I believe comprehensive energy legislation can contribute to our prosperity in five ways.
First, it will raise demand and create jobs.Under the Recovery Act:
- We will double the renewable energy capacity over the next three years.
- We will make critical investments in transformative technology.
- We will enhance the energy efficiency of federal buildings by 75%.
What better time is it to make these kinds of investments than now, when we have substantial unemployed resources?
And we are making them in the way that is most cost effective in terms of creating demand to a significant extent. If the government spends a dollar, that is a dollar of demand. If the government lends a dollar with a 10 percent credit subsidy because it is likely to be paid back, then the cost to the government is 10 cents, but the extra demand created can be a dollar before you even get to its multiplier effect as it reverberates through the economy.
That is why it’s so important that at a moment when credit markets are having their difficulties, albeit reduced difficulties, the Recovery Act has made significant credit available to support up to $40 billion in renewable energy and transmission.
Support for energy investment that creates demand and puts people back to work at a time of unemployed resources and excess capacity is the first way that energy policy strengths our economy.
Second, comprehensive energy legislation will reduce uncertainty and increase confidence. The cheapest stimulus program in the world is enhanced confidence.
I first met Ben Bernanke 35 years ago, when we were both graduate students in Cambridge, Massachusetts. His PhD thesis was an important part around exactly this point. He studied the question of the impact of uncertainty on investment. His example, when he talked about his work, was a boiler.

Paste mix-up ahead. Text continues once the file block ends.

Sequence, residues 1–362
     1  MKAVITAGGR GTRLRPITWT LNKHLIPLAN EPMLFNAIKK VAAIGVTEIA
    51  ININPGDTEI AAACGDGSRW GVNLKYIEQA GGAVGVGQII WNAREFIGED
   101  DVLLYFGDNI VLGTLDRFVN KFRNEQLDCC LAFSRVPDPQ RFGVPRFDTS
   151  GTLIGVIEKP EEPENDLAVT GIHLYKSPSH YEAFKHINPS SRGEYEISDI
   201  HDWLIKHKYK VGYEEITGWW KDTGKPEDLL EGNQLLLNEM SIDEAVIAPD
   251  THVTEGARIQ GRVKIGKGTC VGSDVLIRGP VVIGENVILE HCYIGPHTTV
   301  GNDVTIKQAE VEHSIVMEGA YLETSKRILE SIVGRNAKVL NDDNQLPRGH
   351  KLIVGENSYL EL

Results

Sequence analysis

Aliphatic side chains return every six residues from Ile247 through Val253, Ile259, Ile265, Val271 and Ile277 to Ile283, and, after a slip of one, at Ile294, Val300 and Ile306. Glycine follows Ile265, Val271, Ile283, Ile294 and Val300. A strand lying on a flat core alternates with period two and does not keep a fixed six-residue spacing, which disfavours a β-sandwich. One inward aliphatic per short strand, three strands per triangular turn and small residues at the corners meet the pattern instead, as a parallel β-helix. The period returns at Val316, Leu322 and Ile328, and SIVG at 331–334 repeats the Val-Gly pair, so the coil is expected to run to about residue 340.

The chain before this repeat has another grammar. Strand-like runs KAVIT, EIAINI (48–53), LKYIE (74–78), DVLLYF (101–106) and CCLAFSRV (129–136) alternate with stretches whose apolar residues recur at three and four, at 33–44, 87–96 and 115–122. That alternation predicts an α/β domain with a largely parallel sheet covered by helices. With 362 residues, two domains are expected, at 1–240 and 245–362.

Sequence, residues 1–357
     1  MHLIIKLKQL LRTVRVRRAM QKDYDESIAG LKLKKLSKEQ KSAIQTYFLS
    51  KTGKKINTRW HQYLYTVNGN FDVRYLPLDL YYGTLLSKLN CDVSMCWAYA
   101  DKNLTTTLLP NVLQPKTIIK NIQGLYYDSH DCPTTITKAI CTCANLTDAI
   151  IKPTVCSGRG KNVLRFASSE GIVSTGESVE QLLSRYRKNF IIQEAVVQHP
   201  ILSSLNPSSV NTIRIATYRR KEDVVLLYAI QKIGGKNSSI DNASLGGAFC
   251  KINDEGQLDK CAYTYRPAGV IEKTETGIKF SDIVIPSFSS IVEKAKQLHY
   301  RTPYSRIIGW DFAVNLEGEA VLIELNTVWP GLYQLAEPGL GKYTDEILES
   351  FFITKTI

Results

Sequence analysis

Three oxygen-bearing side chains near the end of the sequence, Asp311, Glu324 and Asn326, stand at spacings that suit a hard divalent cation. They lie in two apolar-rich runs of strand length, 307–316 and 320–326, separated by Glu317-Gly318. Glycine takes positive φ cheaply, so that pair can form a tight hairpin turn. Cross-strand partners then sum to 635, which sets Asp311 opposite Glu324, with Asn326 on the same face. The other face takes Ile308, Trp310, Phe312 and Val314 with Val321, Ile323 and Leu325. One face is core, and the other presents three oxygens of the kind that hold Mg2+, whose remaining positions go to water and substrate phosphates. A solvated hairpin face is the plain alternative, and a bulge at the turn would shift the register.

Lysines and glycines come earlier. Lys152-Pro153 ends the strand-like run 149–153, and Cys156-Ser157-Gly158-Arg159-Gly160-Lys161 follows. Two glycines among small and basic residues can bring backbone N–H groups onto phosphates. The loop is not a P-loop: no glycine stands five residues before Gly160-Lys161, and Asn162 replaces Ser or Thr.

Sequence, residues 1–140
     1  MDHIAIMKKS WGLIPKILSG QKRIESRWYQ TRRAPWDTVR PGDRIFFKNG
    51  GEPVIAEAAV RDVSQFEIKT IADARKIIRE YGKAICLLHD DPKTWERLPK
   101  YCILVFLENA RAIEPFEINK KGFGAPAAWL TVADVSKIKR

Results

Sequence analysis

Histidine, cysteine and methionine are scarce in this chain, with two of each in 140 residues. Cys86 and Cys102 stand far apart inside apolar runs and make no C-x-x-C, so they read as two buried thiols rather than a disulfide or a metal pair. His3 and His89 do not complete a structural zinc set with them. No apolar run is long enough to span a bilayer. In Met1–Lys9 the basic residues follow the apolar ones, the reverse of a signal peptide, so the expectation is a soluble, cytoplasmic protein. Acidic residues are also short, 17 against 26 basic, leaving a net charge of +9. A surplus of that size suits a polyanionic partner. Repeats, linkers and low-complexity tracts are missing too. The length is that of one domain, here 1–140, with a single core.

- If you knew the price of energy was going to be high, you’d be one kind of boiler.
- If you knew the price of energy was going to be low, you’d be another kind of boiler.
- If you didn’t know what the price of energy was going to be, you’d stick with your existing boiler for another year, waiting to see what was going to happen to the price of energy.
Until we pass comprehensive energy legislation, that is exactly what we are doing. We are creating an environment in which there is no certainty for someone building a new power plant.
There is no certainty for someone making the commitment to an industrial production process.
There is no certainty for someone thinking about the generation of automobile models after the current generation of automobile models, five or ten years out.
Clarity brings certainty, certainty brings confidence, and that is what moves the economy forward.
I would also say to you also that uncertainty is not just about our own future policy. Look at the full range of the distribution of oil prices as you can infer from options. As long as we are as dependent on foreign oil as we now are, there is a substantial uncertainty about the range of outcomes, and that too discourages investment, reduces confidence, and slows our economy relative to what we could have achieved.
Third, comprehensive energy legislation will reduce reliance on heavy-handed regulation and increase reliance on market forces.
This is true in our country and this is true around the world.
You know, the first rule of holes is that when you’re in a hole, you should stop digging. In that spirit, the first principle of rational energy policy is that when a fuel is associated with all kinds of what we economists call externalities, pollution locally, carbon dioxide globally, national security risks associate with importation, it is a bad idea to subsidize it.
Yet around the world, fossil fuel subsidies exceed $300 billion a year – $300 billion a year – and account for 12 percent of global greenhouse gas emissions.